Freshwater caves offer crystal clear visibility and are popular with cave divers wanting to take stunning photographs. Read on to discover our list of the world’s best cave diving sites – we have some incredible freshwater cave diving locations to recommend!

Diving Courses & Certifications to Learn to Cave Dive

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Before you set off on your cave diving adventure, you will need to learn how to cave dive safely. So, it is important to ensure you get properly trained and fully qualified in the following areas:

  1. Firstly, you will be required to complete an Advanced Open Water course, which allows you to dive up to 40 m or 130 feet.
  2. You then need to take a specialist cavern diving course, which allows you to gain experience in diving in overhead environments and in low-light conditions.
  3. Finally, you must complete a night diving course, which will let you gain experience in diving in low-light conditions and where your visibility is significantly reduced.

Take a look at our selection of PADI Dive Courses, which are available with superb-value cave certification packages and can be completed at many convenient locations in the UK.

What is the Difference Between a Cavern Diver and a Cave Diver?

There are multiple differences between cavern and cave diving that are important to note. Cavern diving usually occurs in the mouth of a cave where the environment is lit up from daylight streaming through the water. This can be a good first step towards cave diving for real.

In contrast, cave divers can dive for miles under the water without any natural light and with very limited water visibility. Full cave diving is a specialist qualification that is only attained by the very best divers in the world. 

Cave diving is a dangerous and challenging adventure that requires significant and life-saving training. If you want to partake in cave diving, you need the experience, mentality, and skills to safely navigate the most dangerous underwater situations.

With the proper training and plenty of diving experience, you can learn how to safely navigate some of the most beautiful caves in the world.

How to Prepare for Cave Diving

Cave Diving

Cave divers need comfort and familiarity with buoyancy control and awareness of rescue operation procedures, among other essential skills. To prepare for cave diving, a lot of different types of training are involved and you have to master several drills, such as:

  • Calmly addressing an underwater equipment failure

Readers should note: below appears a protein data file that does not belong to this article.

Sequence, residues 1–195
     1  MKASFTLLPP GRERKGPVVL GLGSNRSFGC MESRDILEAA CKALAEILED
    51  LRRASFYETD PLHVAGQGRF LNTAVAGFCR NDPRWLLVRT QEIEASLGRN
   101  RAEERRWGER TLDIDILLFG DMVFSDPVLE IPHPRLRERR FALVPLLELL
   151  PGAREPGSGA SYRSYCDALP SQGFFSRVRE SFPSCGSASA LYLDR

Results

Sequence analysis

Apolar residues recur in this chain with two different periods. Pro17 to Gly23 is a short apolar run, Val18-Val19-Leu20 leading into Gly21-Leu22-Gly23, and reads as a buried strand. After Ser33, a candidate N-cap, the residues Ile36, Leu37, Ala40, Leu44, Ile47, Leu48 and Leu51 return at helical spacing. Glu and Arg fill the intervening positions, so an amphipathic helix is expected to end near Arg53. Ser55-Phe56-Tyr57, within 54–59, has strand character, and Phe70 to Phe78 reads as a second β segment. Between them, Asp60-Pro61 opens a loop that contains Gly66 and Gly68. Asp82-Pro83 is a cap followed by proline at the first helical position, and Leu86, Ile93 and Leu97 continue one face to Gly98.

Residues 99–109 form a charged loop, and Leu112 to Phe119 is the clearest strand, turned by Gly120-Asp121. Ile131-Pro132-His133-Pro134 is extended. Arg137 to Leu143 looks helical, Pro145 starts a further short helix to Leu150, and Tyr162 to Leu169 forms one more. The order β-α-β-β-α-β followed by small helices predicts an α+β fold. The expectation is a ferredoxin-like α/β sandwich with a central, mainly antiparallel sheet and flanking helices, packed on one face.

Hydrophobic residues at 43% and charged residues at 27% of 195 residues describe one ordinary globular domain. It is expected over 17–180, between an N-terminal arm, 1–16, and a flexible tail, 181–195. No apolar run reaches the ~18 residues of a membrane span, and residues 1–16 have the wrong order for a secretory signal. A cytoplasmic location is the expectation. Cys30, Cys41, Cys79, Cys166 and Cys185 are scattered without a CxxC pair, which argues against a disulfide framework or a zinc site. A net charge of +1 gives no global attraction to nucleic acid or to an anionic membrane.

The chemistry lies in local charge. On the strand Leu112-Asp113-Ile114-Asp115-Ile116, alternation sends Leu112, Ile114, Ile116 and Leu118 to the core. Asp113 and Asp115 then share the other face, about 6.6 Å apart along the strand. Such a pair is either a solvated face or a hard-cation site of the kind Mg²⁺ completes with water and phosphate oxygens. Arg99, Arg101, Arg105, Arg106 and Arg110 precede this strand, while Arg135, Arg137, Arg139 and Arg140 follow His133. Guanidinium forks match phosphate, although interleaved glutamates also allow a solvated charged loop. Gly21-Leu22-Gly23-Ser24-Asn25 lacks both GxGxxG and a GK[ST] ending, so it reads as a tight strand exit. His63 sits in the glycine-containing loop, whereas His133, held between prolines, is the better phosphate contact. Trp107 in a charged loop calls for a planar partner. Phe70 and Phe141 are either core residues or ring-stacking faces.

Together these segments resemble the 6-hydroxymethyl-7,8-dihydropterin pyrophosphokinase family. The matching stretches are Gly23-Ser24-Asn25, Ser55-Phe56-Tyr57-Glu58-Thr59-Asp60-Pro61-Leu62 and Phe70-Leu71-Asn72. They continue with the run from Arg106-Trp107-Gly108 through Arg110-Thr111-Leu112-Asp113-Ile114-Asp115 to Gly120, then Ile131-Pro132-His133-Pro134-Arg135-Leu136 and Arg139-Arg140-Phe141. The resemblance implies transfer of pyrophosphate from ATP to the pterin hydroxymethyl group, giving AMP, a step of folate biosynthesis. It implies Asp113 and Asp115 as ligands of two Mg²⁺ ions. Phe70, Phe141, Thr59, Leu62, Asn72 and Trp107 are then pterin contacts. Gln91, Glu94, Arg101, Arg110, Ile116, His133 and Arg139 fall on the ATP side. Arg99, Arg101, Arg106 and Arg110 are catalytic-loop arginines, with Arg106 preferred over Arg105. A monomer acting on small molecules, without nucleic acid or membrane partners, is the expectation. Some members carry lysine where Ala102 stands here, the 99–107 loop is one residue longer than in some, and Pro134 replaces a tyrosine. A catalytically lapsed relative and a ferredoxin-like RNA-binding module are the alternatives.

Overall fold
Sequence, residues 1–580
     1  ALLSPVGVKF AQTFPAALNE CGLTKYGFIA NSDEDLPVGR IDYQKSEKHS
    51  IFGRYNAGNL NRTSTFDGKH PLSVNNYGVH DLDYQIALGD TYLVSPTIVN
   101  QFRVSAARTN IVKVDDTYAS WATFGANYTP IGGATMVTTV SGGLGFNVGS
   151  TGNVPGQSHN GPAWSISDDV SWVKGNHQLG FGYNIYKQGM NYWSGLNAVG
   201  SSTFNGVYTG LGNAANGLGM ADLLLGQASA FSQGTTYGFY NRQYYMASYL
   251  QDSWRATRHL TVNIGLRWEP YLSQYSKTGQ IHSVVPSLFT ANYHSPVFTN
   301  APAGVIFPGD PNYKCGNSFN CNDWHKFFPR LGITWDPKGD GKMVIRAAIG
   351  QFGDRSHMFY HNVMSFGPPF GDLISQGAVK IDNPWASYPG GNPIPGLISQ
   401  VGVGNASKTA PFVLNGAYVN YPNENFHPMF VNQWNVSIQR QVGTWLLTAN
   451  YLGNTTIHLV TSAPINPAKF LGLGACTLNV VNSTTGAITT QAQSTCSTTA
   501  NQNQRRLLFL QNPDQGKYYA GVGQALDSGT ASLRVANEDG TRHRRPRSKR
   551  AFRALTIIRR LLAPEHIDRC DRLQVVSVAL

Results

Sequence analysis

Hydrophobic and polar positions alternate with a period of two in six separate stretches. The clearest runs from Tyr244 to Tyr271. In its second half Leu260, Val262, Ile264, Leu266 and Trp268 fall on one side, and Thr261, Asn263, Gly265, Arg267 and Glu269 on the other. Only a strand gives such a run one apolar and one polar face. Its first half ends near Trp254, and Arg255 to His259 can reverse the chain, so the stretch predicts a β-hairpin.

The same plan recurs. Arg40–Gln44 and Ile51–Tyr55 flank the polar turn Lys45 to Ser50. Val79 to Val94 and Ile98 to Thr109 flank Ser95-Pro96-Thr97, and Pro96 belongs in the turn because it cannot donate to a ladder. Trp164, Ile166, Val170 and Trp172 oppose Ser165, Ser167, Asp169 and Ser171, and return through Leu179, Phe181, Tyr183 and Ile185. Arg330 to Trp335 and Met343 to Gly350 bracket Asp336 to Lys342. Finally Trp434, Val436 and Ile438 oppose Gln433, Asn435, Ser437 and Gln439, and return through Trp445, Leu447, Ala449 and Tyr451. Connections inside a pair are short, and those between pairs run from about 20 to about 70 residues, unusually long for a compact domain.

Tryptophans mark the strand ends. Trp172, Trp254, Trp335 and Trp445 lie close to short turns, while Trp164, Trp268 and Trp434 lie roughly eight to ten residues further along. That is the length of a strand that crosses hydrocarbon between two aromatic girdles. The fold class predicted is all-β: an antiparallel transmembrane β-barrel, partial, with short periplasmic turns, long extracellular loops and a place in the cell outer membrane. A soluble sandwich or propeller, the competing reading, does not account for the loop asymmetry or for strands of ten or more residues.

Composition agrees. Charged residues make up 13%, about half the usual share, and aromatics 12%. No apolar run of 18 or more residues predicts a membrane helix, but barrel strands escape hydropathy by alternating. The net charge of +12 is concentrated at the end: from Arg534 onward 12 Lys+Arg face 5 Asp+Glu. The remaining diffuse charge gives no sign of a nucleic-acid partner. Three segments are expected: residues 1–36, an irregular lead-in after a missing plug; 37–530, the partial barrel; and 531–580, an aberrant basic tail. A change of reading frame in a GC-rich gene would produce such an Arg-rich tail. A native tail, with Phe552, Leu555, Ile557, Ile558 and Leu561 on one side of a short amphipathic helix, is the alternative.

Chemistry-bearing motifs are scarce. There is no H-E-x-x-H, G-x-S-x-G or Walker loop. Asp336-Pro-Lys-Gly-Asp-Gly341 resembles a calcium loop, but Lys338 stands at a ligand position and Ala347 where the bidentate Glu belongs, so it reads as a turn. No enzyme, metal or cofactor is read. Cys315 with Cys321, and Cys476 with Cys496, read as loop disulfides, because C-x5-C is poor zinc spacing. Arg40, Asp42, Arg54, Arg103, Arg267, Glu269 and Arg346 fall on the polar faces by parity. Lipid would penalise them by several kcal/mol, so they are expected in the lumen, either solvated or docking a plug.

• How to deal with situations where your tank runs out of air
  • What to do if you lose your dive buddy in the cave
  • What to do if you lose the line that connects you to the exit of the cave
  • What to do if your dive buddy becomes tangled in the line.

You could be faced with some extreme circumstances while cave diving, so you need to have no fear and keep calm. If you want to become a great cave diver, we recommend putting in many open water hours so that you are prepared and confident, even in challenging situations.

What Types of Underwater Caves Can You Explore?

There are four main types of caves that you can dive in:

  1. Sea Caves: These caves are naturally created by waves and are not usually very deep or especially long. They are most commonly found in coastal regions and are a great place to begin your cave diving adventure or to build experience.
  2. Coral Caves: These caves are carpeted in large formations of colourful coral. When diving in coral, you will see many coral reefs growing together to form closed-off caves. Coral caves are often shaped like tunnels and are home to a lot of marine life.
  3. Lava Tubes: A lava tube is formed by volcanic activity when a volcano erupts and hits the sea. When the lava hits the ocean, the surface cools and hardens, while inside the lava still moves, creating a tube. Some of the world’s best lava tubes are in Hawaii.
  4. Solution Caves: A solution cave is formed over hundreds of years. Water containing carbonic acid slowly seeps into the limestone and dissolves the rock at lower levels, which is what creates the cave structure. There are beautiful solution caves in Florida.

Cave Diving Equipment

The most crucial piece of cave diving equipment is the diver’s reel. This safety line is unwound as the diver explores the cave network. A diver’s reel acts as a lifeline, as it is how they will find their way back to the surface safely when the cave may have some very narrow and winding passages.

The most important thing about all cave diving equipment is that it is firmly strapped down, which cannot be emphasised enough. Loose equipment or flapping fin straps are a big risk to cave divers as they can cause entanglement. All gauges, hoses, and regulators need to be tightly fitted to the diver’s suit and properly strapped down.